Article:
On the other hand, forget those snobs and enjoy it. It’s just fast food, right?

Well, some fast food industry experts say that part of the problem for those three—McDonald’s, KFC, Taco Bell—is quality of ingredients. For Yum Brands, especially, quantity trumps quality—and high volume sales often means low cost food products and cheaper ingredients. In that sense, the results of the survey should come as no great surprise. Taco Bell is able to sell its popular tacos and burritos in huge numbers in large part because it is able to keep the cost down. Taco Bell’s burritos may cost about $1.50 each. A comparable burrito in a sit-down restaurant might run as high as $9.95 (though it may also come with a side dish or two). Taco Bell specializes in keeping its menu prices low—in part to appeal to younger diners, in part to appeal to families. Even higher-quality fast food operations like Chipotle charge more for the same items, but the difference is that Chipotle lands much higher on that same Consumer Reports survey. An equivalent burrito at Chipotle would run about $6.

For burger giant McDonald’s, which has been the target of healthy-eating advocates for decades, the issue may be more problematic. The anti-McDonald’s forces often point to McD’s massive advertising and marketing budgets, as well as the iconic restaurant’s longstanding direct appeal to children. According to Yale University’s Rudd Center for Food Policy & Obesity, the fast food industry is one of the biggest spenders on advertising. In 2012, for example, the fast food industry spent $4.6 billion on the marketing of products generally deemed unhealthy, and only a small fraction of that money was spent promoting healthy alternatives found on those same restaurants’ menus.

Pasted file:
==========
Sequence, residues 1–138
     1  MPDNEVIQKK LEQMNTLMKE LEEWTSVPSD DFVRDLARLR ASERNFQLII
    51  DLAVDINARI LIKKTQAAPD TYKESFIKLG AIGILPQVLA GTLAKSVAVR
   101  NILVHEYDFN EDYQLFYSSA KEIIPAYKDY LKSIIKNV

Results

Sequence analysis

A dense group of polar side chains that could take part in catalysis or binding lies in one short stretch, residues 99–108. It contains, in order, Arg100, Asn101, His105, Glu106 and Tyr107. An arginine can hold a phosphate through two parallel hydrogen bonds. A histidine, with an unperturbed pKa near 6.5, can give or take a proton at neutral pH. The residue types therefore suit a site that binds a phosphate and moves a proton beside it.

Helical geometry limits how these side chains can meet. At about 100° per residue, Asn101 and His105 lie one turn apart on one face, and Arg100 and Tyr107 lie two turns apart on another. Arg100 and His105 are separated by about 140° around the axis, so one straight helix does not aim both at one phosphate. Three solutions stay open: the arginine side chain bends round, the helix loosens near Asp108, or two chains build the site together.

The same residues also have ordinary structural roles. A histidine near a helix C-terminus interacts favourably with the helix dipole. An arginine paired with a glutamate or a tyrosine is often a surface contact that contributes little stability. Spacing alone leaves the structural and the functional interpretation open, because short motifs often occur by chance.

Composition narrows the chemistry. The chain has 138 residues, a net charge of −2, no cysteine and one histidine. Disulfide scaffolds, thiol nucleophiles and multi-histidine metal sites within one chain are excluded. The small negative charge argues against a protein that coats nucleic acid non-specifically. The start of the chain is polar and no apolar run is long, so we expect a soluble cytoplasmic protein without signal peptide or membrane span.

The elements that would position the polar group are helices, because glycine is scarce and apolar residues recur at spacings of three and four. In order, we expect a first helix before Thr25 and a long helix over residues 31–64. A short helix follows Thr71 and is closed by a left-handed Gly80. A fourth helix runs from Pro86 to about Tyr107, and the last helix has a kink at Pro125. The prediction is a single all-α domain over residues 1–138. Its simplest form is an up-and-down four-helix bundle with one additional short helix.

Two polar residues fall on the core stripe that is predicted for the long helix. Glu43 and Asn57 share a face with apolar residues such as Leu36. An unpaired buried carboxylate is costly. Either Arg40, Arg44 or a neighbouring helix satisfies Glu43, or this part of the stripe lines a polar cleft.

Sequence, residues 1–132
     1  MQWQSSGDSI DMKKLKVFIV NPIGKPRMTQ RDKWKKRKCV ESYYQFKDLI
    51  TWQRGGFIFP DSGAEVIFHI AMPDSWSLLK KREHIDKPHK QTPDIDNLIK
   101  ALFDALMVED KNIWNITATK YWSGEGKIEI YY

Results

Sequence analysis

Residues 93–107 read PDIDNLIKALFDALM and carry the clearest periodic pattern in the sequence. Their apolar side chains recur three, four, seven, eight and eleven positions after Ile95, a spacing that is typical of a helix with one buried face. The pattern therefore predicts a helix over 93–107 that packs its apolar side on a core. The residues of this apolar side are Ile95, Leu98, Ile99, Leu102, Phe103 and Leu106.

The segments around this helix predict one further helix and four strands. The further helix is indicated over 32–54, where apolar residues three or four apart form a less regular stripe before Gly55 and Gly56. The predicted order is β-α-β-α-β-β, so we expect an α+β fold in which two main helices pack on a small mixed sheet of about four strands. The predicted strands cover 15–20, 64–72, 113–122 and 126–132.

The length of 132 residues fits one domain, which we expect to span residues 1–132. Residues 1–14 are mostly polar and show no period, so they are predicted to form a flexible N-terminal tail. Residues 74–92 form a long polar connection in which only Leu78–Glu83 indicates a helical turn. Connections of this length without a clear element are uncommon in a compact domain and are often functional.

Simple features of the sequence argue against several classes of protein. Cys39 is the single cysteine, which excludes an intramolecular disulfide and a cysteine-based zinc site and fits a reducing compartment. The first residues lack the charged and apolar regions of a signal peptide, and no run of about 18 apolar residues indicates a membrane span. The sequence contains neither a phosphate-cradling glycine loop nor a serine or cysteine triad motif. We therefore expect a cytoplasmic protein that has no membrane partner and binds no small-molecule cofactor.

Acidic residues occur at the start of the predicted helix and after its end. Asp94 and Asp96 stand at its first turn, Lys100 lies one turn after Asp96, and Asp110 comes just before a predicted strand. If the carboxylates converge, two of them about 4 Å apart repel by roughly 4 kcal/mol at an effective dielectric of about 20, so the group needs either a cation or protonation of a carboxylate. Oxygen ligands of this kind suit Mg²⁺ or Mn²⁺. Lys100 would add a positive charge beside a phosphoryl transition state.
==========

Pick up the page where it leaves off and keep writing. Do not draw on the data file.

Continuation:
“Most advertising,” said Jennifer Harris, the lead author of the Rudd Center’s report, “promotes unhealthy regular menu items and often takes unfair advantage of young people’s vulnerability to marketing, making it even tougher for parents to raise healthy children.”

Yet parents and kids still swarm into McDonalds locations all across the United States. In addition to the advertising, convenience plays a huge role in the popularity of fast food—especially those three appearing at the bottom of the list.